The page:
Resident Weekly

A Exclusive Current Affairs Platform


High Temperature has Been Connected to Half a Million Stroke Deaths

According to a recent study published in Neurology, the journal of the American Academy of Neurology, extreme temperature changes due to climate change may be a cause in approximately 500,000 fatalities and extra cases of stroke-related disability worldwide.

According to a statement from the academy, “non-optimal temperatures, those above or below temperatures associated with the lowest death rates, were increasingly linked to death and disability due to stroke.” The study, which examined data spanning three decades, did not prove that climate change causes stroke directly, but it did demonstrate a correlation.

According to research author Quan Cheng of Xiangya Hospital Central South University in Changsha, China, “dramatic temperature changes in recent years have affected human health and caused widespread concern.” According to research,  “Our study found that these changing temperatures may increase the burden of stroke worldwide, especially in older populations and areas with more health care disparities.”

Heat was linked to stroke as well, even though cold temperatures were linked to the highest number of stroke deaths. Furthermore, the academy stated that areas with high temperatures should anticipate a rise in stroke-related fatalities.

Increased temperatures were the main focus of the phrase “global warming,” but since temperature extremes happen on both ends of the thermometer, climate change is becoming more popular.

It should come as no surprise that the processes behind the risk of stroke in hot and cold weather differ significantly. “With lower temperatures, a person’s blood vessels can constrict, increasing blood pressure. High blood pressure is a risk factor for stroke,” academy states that. “Higher temperatures may cause dehydration, affecting cholesterol levels and resulting in slower blood flow, factors that can also lead to stroke.”

Examine the Details

The study examined health records from 204 countries and territories over three decades to determine the number of stroke deaths and stroke-related disabilities caused by temperatures outside of the ideal range. Age and gender were taken into consideration when they “divided the data to look at different regions, countries and territories.”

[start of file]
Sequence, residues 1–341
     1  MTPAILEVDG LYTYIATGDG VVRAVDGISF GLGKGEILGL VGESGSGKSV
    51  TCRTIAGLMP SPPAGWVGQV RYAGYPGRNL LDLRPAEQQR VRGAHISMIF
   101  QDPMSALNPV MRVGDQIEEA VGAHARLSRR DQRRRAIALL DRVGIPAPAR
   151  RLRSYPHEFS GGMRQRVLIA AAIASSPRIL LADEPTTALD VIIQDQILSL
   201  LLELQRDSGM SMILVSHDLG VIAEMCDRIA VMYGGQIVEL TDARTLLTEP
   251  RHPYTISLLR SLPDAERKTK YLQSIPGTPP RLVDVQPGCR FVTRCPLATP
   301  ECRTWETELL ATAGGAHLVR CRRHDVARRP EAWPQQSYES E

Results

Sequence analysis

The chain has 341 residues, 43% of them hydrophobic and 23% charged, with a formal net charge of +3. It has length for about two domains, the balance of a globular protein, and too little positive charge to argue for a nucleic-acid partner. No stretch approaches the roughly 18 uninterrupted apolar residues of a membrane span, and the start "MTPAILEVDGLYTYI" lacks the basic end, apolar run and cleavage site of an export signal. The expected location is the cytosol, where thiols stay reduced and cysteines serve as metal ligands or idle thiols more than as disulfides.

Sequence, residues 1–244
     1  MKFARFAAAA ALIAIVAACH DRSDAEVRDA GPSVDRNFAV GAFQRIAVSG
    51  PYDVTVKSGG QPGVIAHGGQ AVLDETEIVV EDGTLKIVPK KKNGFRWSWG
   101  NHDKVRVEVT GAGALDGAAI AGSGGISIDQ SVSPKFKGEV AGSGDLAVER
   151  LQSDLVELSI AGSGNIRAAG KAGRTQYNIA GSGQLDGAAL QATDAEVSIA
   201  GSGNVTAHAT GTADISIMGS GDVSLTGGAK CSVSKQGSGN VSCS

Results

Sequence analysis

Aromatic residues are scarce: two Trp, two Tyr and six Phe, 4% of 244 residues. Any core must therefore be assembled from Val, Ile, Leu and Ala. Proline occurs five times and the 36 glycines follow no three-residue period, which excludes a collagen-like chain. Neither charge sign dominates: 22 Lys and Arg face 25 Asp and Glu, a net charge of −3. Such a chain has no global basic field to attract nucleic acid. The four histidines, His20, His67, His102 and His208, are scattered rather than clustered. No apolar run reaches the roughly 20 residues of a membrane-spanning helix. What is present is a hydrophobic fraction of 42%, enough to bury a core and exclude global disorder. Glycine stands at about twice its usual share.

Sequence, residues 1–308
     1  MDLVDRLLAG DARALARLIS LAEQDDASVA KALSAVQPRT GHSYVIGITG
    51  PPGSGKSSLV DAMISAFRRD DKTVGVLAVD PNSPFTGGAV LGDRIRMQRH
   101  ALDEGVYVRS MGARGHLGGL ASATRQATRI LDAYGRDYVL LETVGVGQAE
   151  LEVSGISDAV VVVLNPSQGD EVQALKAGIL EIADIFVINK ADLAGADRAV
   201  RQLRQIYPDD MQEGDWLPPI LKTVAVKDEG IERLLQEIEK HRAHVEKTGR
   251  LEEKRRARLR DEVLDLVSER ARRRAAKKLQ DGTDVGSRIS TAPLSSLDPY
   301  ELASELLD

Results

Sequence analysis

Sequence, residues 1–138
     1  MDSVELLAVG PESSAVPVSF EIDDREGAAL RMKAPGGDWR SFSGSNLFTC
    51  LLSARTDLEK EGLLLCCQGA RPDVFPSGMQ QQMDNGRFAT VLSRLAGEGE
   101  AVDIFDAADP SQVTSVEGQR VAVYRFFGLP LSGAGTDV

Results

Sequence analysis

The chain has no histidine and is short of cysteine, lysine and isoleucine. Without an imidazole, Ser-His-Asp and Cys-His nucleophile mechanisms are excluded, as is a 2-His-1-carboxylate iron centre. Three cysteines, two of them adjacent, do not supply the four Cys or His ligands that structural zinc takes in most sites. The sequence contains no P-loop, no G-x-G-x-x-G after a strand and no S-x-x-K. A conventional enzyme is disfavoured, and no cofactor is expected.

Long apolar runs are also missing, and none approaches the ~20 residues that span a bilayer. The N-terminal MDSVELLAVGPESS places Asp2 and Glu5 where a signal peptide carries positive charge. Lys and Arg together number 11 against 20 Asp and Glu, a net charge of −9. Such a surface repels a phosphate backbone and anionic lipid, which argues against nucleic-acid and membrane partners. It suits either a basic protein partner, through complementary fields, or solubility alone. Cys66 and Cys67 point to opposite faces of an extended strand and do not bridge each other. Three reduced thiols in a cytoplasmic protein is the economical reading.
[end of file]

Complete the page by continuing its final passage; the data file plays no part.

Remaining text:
Of the 521,031 stroke deaths attributed to temperature in 2019, 474,002 were related to low temperatures, and the remaining deaths were related to high temperatures. The study found that strokes linked to temperature changes claimed the lives of more males than women.

The study also reported 9.4 million “disability-adjusted life years” from strokes that may have been caused by changes in body temperature. The amount of years robbed by “premature death and years lived with illness” was the definition given.

Risks Associated with Severe Weather

According to a Deseret News study, an estimated 45 million Americans experienced unusually high weather last summer. Texas, Florida, Kansas, Louisiana, Oklahoma, Missouri, and Arkansas were among the states on the list. At the time, USA Today referred to it as a “heat dome.”

Deseret News examined why weather is particularly harsh for older individuals in 2021, just after severe cold temperatures blanketed a significant portion of the nation. Temperatures can be fatally high or low.

“Extreme heat or cold is no joke for older people, including older workers. And they may be in medical crisis before they even recognize it,” according to Dr. Ronda McCarthy, an expert in environmental and occupational exposure near Waco and a member of the Medical Society Consortium on Climate and Health steering committee, who was quoted in the story.

How severe weather kills senior citizens and how to protect those you love
The National Institute on Aging states that although older folks lose heat more quickly than younger adults, they may not feel cold. Furthermore, extreme heat might be fatal. Anybody can be at risk from both. What defines an extreme difference is the age-based difference. When the temperature drops below 70 degrees, older folks may get dangerously overheated. That differs depending on the person.

According to a New England Journal of Medicine study, cold weather is a contributing factor in at least 1,500 deaths in the United States each year.

Although stroke can occasionally be the outcome, there are other possible causes. For example, older people’s internal thermostat may not function as well as it formerly did. Additionally, medication that affects temperature control may be taken by older persons. Furthermore, cardiac disease is more common in older persons than in younger adults, and severe weather can exacerbate it by increasing the risk of stroke.

error: Content is protected !!